Online Complaints from Customers and Employees
By Rob Zaleski
There have been countless examples of social media being used by customers and employees of businesses to express their dissatisfaction. In the airline industry alone, social media complaints by passengers have escalated to nearly 30 percent according to the Los Angeles Times. The perceived anonymity that comes with online presence often encourages people to be more critical than they would normally be face-to-face, and this can be tough to deal with as a business owner. There are a few things to consider when these situations happen online, whether they come from your employees or your customers.
Employee criticism: Make sure your company has a social media policy that is clearly outlined and available to all employees. Bad sentiment is bad sentiment, no matter who shares it, and you want to make sure your employees understand their responsibility when it comes to discussing your business online. Also, bear in mind that Yelp actually has a policy against current or former employees writing reviews of a business. You can leverage this guideline to have Yelp remove any reviews written by employees if they mention their employment at your business. The best approach, though, is to encourage your employees to use social media to help build and represent your brand, and make them feel like they are truly part of your team’s success.
Customer criticism: The most prevalent reasons people complain on social media are to make others aware of their experience and to simply be heard. Showing that your business is listening to customers and paying attention speaks volumes, and can possibly circumvent a situation before it ever escalates to social media crisis level. One of the primary objectives of our reputation management service at Main Street Hub is to promptly respond to reviews, posts and comments, both complimentary and otherwise.
We’ve seen situations where a simple outreach to a customer, especially when the complaint is mostly around customer service, can completely change the perception of the business, and even turn customers with poor experiences into advocates for a business. According to a recent American Express study, 48 percent of Americans say they will tell an average of 15 people about a good customer service experience, while 56 percent say they will definitely tell others about a poor experience, spreading the word to an average of 24 people. Which side do you want your business on?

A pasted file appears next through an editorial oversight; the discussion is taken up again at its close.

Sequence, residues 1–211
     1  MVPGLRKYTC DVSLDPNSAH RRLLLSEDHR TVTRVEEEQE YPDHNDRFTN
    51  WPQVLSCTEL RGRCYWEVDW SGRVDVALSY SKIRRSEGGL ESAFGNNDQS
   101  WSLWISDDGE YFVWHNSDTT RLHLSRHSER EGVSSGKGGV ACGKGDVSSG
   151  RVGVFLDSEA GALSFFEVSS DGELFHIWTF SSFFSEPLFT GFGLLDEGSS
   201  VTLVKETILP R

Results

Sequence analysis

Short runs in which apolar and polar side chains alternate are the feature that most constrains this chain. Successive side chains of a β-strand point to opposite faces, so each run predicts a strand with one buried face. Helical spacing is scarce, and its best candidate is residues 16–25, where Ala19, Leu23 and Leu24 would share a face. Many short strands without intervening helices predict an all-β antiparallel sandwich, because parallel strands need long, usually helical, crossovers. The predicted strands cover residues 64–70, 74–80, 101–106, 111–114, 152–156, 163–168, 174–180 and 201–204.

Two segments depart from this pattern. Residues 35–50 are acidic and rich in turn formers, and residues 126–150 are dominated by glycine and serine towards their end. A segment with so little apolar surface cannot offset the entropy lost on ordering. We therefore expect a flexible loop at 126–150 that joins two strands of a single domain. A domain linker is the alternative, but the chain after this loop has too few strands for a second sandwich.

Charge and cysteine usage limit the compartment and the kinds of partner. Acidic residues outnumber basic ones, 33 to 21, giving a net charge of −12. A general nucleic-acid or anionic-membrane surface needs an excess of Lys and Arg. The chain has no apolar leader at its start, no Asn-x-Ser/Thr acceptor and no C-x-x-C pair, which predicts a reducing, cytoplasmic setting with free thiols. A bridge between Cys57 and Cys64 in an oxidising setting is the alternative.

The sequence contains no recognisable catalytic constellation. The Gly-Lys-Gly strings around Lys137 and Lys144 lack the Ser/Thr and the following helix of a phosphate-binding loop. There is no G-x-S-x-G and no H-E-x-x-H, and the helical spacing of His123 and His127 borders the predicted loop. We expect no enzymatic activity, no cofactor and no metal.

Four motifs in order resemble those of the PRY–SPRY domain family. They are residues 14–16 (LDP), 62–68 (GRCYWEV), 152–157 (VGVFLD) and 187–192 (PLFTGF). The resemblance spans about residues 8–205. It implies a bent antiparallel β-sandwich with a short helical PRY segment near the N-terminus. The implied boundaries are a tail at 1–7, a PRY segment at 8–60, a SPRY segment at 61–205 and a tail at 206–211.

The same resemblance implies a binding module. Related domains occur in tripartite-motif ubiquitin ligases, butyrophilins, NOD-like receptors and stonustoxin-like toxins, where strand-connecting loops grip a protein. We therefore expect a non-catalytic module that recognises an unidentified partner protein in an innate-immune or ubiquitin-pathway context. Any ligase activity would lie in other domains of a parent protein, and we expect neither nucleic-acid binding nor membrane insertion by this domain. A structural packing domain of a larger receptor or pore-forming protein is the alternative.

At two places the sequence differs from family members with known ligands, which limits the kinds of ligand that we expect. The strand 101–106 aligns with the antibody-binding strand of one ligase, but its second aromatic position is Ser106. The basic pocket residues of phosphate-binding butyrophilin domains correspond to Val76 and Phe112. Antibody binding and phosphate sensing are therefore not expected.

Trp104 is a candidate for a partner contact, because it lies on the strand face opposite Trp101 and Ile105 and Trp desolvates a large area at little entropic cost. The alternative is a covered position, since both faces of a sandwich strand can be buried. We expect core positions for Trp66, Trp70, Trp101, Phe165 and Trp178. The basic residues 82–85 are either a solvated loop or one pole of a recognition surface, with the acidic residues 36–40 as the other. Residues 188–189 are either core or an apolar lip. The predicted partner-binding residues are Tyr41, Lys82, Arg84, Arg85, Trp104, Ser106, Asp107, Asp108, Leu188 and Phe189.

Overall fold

Because people want to be heard and want to share their story with others, you should never ignore complaints or try to sweep them under the rug by hiding or deleting comments. This has almost always been shown to exacerbate situations online. Based on Edison Research, 58 percent of people expect a response to their complaint online within a few days, the rest expect a response within an hour, as referenced in the image below:
(Image from Convince & Convert)
Promptly responding in a way that shows your customers that you care about their experiences and want to resolve their issues is your best bet to not only avoid losing them, but potentially turn them into advocates of your business. Remember, it’s six to seven times more expensive to acquire a new customer than it is to keep a current one. Those who are the most vocal about their poor experiences can also be the most vocal about their pleasant ones; that’s an opportunity you don’t want to miss.
Have you had any success stories turning a customer complaint around? What’s your approach when it comes to addressing customers online? Share your story in the comments below!
Main Street Hub is the “do-it-for-you” marketing platform for local businesses. The company offers the only full-service social media management product that’s focused exclusively on local merchants at a price point they can afford. Main Street Hub helps its clients attract more customers, extend their customer service through social media, grow revenue by spreading word of mouth and manage their online reputation on social media websites including Facebook, Twitter, Yelp, Google+, Foursquare and TripAdvisor.